Lowering Fed Interest On Deposits Could Lead To Economic Growth And/Or Elderly Ladies Being Assaulted On The Street

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Last week we learned that robbing a bank is as easy finding a Sharpie and drawing yourself a beard. Today we find out courtesy of JPMorgan that not only is it extremely easy to pull off but banks want you to take the money off their hands.

For starters, you have to realize that the banks don’t really want to be holding cash. We learned that last week when Bank of New York announced that it was going to start charging fees for large deposits. But Bloomberg reports today that BoNY’s attitude is spreading. Banks are getting huge inflows of new deposits – with U.S. bank cash totaling nearly $1 trillion as of the end of July – and have nowhere to put them since investing opportunities are few and for some reason they don’t want to refinance my mortgage at 2%. So banks are stuck parking their cash at the Fed, which pays 0.25% interest on excess reserves. But the banks face higher FDIC-insurance and capital charges on those deposits, which makes the 25bps IOER not particularly exciting:

On April 1, the FDIC changed its methodology for assessing premiums, resulting in an increased cost for most large banks. Because a deposit at the Fed is technically an asset, taking the money may stretch banks’ capital-to-asset ratios, which are watched by regulators, Joseph Abate, a money-market analyst at Barclays Capital in New York, wrote in an Aug. 5 report.

“The higher deposit cost, the potential need for additional capital and the flight-prone nature of these balances clearly outweigh the 25-basis-point return from IOER that they would earn depositing the money at the Fed,” Abate wrote. Any reduction in IOER -- a move Fed Chairman Ben S. Bernanke told Congress in July might be possible -- may create a “serial round of deposit fees” since banks would try to “push cash from their balance sheets” like a game of “hot potato.”

Cutting the Fed’s interest on excess reserves rate might seem like a stimulus measure – it could encourage banks to start lending money elsewhere because keeping cash at the Fed would be unprofitable. And even if it instead forced banks to raise deposit fees, that might not be a bad thing – theory suggests that it would have a stimulus effect, as companies that are now hoarding cash would no longer want to park it at the bank and might be forced to spend it on creating jobs or making stuff or colonizing Mars or whatever.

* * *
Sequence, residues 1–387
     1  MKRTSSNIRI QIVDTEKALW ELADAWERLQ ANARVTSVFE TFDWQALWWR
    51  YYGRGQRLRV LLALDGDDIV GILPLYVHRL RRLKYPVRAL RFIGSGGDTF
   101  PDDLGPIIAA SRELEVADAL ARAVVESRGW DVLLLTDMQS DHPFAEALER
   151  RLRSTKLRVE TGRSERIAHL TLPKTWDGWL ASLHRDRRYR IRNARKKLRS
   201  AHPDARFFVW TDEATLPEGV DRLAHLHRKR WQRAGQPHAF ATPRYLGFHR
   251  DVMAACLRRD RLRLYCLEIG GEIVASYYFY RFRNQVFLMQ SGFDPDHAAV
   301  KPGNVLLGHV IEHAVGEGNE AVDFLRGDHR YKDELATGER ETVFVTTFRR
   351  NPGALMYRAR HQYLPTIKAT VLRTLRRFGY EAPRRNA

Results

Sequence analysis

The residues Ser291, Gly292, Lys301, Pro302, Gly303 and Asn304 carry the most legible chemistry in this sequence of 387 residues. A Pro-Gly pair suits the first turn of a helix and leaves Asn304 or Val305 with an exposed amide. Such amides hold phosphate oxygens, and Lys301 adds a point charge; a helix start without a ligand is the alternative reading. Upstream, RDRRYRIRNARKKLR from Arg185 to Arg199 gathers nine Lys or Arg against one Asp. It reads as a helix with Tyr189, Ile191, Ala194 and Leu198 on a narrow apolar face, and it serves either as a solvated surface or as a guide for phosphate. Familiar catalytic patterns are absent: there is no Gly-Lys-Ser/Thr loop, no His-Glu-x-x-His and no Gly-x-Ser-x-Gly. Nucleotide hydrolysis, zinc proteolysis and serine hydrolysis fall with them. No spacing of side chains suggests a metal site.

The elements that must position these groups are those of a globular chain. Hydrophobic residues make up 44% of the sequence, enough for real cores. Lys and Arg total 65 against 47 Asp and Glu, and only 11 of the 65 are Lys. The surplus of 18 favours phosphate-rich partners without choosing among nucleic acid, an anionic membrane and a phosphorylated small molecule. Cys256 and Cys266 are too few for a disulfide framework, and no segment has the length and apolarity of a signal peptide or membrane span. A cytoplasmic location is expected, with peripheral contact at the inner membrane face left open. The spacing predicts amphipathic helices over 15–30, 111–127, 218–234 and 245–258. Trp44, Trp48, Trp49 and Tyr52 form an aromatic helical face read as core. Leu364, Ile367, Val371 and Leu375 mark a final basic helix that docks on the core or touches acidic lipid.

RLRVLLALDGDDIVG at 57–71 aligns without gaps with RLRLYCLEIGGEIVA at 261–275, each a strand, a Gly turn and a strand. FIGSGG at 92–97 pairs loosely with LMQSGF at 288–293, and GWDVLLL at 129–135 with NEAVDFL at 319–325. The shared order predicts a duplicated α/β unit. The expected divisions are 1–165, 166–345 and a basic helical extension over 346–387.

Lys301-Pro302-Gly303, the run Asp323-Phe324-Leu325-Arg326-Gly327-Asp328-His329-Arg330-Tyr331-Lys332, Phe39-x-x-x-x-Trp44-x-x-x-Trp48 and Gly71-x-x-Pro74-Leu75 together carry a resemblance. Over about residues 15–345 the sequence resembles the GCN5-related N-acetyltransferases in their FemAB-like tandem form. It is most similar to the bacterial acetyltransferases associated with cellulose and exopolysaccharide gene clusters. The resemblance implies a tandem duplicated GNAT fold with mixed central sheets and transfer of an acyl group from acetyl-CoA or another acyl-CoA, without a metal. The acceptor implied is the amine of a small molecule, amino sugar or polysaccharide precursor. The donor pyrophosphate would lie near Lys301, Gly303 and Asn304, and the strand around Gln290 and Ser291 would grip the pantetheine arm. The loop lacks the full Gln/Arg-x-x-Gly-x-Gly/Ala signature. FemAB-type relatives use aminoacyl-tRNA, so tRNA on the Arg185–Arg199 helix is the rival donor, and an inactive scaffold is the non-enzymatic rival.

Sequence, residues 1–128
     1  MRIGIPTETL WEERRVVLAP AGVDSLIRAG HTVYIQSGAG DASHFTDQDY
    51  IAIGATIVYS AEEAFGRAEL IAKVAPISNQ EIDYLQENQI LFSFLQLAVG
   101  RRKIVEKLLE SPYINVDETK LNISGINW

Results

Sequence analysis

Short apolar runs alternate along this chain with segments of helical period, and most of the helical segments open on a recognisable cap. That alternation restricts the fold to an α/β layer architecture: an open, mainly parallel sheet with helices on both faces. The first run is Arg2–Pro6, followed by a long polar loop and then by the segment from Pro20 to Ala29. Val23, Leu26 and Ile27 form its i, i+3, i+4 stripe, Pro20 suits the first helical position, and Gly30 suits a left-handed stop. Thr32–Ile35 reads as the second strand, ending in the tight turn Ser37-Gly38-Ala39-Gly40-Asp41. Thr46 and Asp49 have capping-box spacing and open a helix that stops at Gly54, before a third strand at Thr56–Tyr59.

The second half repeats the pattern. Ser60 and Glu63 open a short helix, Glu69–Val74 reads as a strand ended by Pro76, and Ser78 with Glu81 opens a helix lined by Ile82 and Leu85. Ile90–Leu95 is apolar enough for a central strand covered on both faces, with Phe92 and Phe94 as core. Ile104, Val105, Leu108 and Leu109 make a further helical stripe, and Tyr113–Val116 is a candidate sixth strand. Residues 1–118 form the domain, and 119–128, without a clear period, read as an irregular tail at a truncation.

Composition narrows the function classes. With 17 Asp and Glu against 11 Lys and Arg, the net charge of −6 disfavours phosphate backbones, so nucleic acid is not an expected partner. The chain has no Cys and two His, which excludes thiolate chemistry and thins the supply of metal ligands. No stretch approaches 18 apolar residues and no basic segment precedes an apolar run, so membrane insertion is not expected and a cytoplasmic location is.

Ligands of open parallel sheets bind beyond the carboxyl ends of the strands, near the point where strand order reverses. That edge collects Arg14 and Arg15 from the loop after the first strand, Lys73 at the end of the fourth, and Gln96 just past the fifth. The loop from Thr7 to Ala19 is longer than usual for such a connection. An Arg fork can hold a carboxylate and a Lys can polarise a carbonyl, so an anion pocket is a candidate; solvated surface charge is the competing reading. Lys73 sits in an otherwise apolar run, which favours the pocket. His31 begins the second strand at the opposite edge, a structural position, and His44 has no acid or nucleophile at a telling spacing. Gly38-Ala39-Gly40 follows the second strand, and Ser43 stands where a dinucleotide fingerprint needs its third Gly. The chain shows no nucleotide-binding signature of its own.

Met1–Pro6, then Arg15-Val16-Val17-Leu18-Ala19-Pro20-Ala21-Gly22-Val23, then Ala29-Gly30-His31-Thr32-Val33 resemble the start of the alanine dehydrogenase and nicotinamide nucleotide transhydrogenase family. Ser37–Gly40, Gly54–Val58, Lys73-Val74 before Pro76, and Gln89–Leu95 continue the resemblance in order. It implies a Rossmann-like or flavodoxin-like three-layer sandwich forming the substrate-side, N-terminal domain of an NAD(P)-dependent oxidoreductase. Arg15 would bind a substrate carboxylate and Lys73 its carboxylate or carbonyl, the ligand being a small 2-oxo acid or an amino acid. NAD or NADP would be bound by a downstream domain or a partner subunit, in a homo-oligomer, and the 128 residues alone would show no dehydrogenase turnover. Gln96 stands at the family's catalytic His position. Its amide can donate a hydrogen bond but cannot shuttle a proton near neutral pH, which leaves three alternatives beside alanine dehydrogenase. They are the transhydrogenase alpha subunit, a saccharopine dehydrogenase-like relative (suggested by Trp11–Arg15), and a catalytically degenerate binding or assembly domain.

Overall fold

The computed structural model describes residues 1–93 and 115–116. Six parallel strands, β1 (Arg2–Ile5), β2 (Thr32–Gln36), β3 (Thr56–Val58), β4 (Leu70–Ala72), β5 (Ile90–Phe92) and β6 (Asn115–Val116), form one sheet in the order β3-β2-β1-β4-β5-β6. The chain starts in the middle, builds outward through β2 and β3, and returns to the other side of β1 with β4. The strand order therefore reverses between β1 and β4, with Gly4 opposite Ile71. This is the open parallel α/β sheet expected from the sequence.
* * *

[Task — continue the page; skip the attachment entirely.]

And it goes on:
Which sounds good. But in a note released Friday (and titled “The Willie Sutton Stimulus Plan”), JPMorgan economist Michael Feroli explained that the Fed can’t cut the interest on excess reserves below zero* because it will lead to rivers of blood flowing in the streets:

Any bank that holds reserves can ask the Fed to debit their reserve balance and deliver currency. So the initial impact of a hypothetical imposition of negative IOER might be for banks to play hot potato with reserves -- recall that absent conversion into currency, reserves will not exit the banking system, only be reshuffled around the banking system. But ultimately, it would result in the public -- either banks or bank deposit-holders -- converting their reserves into currency. The only thing negative IOER would stimulate is a boom in bank robberies and muggings.

And that’s where you come in.

* And given FDIC fees, etc., even cutting it below 25bps may have a similar effect.

Europe’s Crisis May Stuff U.S. Banks With Undeployable ‘Hot Potato’ Cash [Bloomberg]

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Banks Prove That They Are Not Too Big To Fail By Saying "We Can Fail" On A Piece Of Paper, Moving On

One way you could spend this slow week is reading the "living wills" submitted by a bunch of banks telling regulators how to wind them up if they go under. Don't, though: they're about the most boring and least informative things imaginable and I am angry that I read them.* Here for instance is how JPMorgan would wind itself up if left to its own devices**: (1) It would just file for bankruptcy and stiff its non-deposit creditors (at the holding company and then, if necessary, at the bank). (2) If after stiffing its non-deposit creditors it didn't have enough money to pay its depositors it would sell its highly attractive businesses in a competitive sale to willing buyers who would pay top dollar. This seems wrong, no? And not just in the sense of "in my opinion that would be sort of difficult, what with people freaking out about JPMorgan going bankrupt and its highly attractive businesses having landing it in, um, bankruptcy." It's wrong in the sense that it's the opposite of having a plan for dealing with banks being "too big to fail": it's premised on an assumption that the bank is not too big to fail. If JPMorgan runs into trouble that it can't get out of without taxpayer support, it'll just file for bankruptcy like anybody else. Depositors will be repaid (if they're under FDIC limits); non-depositor creditors will be screwed just like they would be on a failure of Second Community Bank of Kenosha.